3 Citationer (Scopus)

Abstract

OBJECTIVE: Female and male surgical residents are treated differently based on their gender. The use of assessment tools can help obtain objectivity in surgical skills assessment, avoid gender bias, and promote equal learning opportunities. The objective of the study was to explore whether knowledge of gender causes bias in the rating of surgical skills, and whether the raters' gender, surgical specialty, or experience affect ratings.

DESIGN: The study is designed as a cross-sectional study, where an anonymous video showing surgical performance was rated by surgeons from different surgical specialties and different levels of surgical experience. The same video was presented to two randomized groups as either a male or female surgical trainee performing the procedure.

SETTING: The participants used Objective Structured Assessment of Technical Skills (OSATS) to rate a video-recorded exam from a surgical skills course at Copenhagen Academy for Medical Education and Simulation (CAMES). The video rating was done through an internet-based platform and could thus be performed at home or at another location of choice.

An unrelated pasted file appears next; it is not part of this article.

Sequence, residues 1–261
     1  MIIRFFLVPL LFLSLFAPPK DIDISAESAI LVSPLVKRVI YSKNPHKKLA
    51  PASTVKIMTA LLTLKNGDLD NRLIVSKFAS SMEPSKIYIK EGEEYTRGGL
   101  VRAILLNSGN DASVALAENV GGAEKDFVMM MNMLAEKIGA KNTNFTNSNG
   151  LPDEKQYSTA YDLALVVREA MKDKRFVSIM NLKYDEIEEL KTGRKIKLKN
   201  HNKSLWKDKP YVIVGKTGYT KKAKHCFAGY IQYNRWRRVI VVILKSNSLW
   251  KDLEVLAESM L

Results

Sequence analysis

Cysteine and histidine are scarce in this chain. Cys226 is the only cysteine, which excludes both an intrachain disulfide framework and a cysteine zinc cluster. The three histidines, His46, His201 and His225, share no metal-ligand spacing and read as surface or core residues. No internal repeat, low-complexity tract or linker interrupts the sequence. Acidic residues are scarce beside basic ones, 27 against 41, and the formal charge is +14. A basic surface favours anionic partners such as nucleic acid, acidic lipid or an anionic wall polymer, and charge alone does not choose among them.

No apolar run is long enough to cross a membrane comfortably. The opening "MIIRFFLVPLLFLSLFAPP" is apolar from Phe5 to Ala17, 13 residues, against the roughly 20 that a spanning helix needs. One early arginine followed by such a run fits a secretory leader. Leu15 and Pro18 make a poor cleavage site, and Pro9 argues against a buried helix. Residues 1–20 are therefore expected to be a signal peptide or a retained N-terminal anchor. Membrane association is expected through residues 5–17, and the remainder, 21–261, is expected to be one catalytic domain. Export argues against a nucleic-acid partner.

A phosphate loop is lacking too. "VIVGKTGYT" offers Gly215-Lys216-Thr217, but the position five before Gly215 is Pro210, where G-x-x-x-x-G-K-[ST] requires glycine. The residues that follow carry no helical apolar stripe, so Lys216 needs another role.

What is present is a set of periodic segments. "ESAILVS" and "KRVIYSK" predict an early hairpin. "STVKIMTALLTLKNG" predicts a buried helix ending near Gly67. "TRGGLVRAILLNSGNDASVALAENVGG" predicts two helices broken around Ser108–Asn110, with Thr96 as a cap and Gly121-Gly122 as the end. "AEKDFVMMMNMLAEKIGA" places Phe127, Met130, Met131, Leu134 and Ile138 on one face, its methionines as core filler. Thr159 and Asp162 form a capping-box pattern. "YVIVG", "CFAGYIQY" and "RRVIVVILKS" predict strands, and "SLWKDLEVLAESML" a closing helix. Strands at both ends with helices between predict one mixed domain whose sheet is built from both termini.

PARTICIPANTS: Novice and experienced surgeons from departments of gastrointestinal surgery, gynaecology, and urology in Denmark.

RESULTS: There was no difference in OSATS rating score of the perceived female and male trainee (female trainee (n = 50):12.26 (SD = 3.08), male trainee (n = 57): 12.00 (SD = 3.28), p-value = 0.67). Rater characteristics: gender, age, surgical experience, and surgical specialty did not affect ratings.

CONCLUSIONS: When OSATS a systematic assessment tool was used in rating surgical trainees we did not find any significant implicit gender bias. The rating was unaffected by the raters' gender, age, surgical specialty, or experience.

OriginalsprogEngelsk
TidsskriftJournal of surgical education
Vol/bind79
Udgave nummer3
Sider (fra-til)753-760
Antal sider8
ISSN1878-7452
DOI
StatusUdgivet - 1 maj 2022

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